The First Amendment protects Americans’ right to free speech, and that includes their right to ask strangers for money.
After receiving complaints about “aggressive” panhandling, the Hermiston Police Department is reminding people that cities are constitutionally prohibited from banning panhandling. The law treats individuals asking for money for themselves the same as it treats a Salvation Army bell-ringer or firefighter collecting donations for charity.
Police Chief Jason Edmiston said there are some people who want to see heavy-handed enforcement to stop panhandling altogether and others who think it isn’t the government’s place to interfere with a person’s right to ask for money. Police try to walk a fine line between not interfering with free speech rights, while also addressing instances where people are being harassed or made to feel unsafe.
“It’s tricky,” he said.
While anyone can stand on a public sidewalk with a sign. If someone is causing a disruption on private property, such as a store’s parking lot, the business does have the option to contact law enforcement and trespass the person from their property.
“There needs to be some kind of incident or incidents to justify that,” he said. “It’s all based on what’s reasonable.”
The city also has an ordinance that prohibits people from blocking a public sidewalk, so if a panhandler’s possessions are piled up on the sidewalk next to them police can ask them to move.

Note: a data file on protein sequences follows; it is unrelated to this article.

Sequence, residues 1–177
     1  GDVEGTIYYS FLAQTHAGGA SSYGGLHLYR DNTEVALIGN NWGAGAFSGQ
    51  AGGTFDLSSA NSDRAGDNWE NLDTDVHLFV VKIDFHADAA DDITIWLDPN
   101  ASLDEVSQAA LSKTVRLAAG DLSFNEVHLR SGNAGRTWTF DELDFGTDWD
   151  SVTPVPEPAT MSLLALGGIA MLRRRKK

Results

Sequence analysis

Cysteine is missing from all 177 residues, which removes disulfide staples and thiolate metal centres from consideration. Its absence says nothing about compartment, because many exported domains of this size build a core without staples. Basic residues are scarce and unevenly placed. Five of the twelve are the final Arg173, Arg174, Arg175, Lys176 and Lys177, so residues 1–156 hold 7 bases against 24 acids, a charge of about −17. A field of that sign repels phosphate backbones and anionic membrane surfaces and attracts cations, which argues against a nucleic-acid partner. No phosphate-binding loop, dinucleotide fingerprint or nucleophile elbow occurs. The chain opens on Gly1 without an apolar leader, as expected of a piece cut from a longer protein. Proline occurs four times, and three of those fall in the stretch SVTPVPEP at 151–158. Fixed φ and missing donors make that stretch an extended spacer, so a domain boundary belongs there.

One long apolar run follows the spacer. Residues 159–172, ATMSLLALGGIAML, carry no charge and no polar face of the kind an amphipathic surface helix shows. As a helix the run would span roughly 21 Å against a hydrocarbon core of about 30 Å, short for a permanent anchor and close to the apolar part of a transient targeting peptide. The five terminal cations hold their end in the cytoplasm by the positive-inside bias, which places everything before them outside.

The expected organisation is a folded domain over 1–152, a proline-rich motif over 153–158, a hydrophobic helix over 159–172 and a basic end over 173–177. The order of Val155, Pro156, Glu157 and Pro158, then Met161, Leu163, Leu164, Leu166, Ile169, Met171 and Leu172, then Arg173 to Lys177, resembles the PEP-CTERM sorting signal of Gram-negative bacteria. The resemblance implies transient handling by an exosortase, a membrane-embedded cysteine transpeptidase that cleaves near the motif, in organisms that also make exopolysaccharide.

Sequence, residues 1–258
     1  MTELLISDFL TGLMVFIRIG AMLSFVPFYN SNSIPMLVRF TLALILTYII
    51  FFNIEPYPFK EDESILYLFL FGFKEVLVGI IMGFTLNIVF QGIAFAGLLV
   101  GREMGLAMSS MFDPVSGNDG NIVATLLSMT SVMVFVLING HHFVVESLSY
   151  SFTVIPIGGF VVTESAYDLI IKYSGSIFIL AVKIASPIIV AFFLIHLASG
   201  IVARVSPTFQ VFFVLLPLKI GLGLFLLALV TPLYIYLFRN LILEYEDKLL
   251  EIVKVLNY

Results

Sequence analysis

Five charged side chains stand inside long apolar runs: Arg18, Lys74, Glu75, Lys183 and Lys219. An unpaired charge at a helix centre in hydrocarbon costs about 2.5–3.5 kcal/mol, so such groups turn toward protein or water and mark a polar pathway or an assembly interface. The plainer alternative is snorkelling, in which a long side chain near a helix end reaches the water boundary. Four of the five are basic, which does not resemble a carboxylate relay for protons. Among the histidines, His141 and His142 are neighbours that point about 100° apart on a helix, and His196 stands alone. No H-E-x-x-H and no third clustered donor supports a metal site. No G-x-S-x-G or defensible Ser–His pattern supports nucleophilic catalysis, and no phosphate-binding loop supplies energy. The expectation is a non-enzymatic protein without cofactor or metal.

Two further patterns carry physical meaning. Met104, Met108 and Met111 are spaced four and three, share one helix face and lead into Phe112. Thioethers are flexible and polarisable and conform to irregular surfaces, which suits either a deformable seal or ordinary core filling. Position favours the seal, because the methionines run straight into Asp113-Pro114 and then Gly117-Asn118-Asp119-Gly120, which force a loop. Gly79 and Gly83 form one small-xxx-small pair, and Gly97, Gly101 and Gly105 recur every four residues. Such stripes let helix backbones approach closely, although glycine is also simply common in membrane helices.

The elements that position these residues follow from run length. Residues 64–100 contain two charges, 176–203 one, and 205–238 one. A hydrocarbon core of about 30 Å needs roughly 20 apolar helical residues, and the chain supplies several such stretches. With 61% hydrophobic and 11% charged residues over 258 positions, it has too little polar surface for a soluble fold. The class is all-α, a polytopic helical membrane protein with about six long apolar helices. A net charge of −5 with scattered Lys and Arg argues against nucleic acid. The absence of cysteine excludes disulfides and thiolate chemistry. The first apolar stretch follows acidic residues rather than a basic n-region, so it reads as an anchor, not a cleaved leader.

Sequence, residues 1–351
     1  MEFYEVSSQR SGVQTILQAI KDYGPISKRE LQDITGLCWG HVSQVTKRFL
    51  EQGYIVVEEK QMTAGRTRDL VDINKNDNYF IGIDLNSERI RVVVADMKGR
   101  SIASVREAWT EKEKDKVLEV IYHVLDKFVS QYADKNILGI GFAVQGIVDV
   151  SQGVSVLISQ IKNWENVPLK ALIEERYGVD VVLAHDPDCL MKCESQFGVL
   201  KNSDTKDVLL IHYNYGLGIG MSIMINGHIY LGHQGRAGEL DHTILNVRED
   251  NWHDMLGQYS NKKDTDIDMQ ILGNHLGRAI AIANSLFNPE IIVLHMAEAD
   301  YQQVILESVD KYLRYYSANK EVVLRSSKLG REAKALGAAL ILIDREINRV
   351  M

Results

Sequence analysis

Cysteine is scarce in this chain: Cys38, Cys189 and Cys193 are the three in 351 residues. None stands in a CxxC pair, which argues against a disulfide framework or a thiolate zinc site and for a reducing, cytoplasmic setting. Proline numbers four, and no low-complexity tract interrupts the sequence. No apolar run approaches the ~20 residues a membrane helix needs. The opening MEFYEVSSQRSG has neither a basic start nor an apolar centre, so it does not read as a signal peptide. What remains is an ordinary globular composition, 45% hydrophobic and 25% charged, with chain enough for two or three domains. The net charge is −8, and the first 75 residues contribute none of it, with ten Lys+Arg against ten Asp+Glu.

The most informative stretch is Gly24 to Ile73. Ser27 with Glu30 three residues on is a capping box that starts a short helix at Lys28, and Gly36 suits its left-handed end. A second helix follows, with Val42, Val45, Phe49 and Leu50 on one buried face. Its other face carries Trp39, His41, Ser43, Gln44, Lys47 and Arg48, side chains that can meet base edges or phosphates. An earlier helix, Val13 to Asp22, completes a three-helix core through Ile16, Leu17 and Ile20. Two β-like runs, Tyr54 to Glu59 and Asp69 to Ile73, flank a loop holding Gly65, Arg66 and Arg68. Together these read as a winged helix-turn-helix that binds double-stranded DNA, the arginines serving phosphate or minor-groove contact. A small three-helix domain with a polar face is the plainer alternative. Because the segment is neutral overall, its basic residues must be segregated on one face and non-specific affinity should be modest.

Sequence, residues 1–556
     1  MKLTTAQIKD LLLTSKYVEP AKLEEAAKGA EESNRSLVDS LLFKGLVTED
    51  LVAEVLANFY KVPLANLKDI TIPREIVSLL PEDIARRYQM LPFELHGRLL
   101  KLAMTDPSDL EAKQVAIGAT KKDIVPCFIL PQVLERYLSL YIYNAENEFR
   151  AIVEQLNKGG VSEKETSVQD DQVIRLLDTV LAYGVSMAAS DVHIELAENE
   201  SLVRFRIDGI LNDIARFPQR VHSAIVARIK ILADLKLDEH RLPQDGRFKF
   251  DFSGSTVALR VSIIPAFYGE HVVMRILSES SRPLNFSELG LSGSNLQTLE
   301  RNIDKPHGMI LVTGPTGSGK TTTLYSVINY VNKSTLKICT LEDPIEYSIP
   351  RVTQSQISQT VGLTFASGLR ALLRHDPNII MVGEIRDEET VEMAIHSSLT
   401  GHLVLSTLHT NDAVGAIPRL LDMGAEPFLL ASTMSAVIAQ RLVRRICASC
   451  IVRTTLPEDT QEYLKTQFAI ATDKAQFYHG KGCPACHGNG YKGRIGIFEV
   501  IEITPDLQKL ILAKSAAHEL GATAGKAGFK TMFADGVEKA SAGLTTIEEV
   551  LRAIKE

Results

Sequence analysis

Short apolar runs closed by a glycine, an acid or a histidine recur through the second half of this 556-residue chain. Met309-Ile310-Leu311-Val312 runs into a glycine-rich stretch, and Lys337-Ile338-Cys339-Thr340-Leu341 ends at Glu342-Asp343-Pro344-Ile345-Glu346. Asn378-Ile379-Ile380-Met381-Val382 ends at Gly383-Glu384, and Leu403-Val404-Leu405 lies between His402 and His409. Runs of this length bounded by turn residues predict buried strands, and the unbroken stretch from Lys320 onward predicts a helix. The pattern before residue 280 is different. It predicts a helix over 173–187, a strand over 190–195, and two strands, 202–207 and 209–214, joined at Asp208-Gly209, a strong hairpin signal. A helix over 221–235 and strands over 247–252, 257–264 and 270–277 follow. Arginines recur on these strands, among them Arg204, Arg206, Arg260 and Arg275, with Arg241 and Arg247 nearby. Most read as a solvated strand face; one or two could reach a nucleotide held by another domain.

While cities’ blanket bans on panhandling (or other kinds of “charitable solicitations”) have been struck down in court, many cities do have ordinances that address certain behaviors associated with panhandling. In 2015, for example, Umatilla passed an ordinance banning the transfer of money or other items between a vehicle in a highway’s lane of travel and a pedestrian. While people are still legally allowed to stand on the side of the highway and ask for money, anyone who wants to donate must find somewhere to legally park their vehicle first.
Edmiston said there has been a definite increase in panhandling recently in Hermiston, particularly with panhandlers who aggressively approach people. In some cases, he said, the people have a “sob story” that police know for a fact isn’t true, such as a person with no children asking for money for a hotel room for their children. He said the department has had some conversations about whether such a false story constitutes “theft by deception,” but have not chosen to charge anyone so far.
There are some people who truly do need the money and are being honest about their circumstances, Edmiston said, but giving to the organizations that serve the area’s low-income and homeless populations is generally a better way to make sure the money is used efficiently to help people in real need. If people do want to give money or food to someone “in the field,” he said, they should find somewhere safe and well-lit to do so.
“I would just say, be smart,” he said.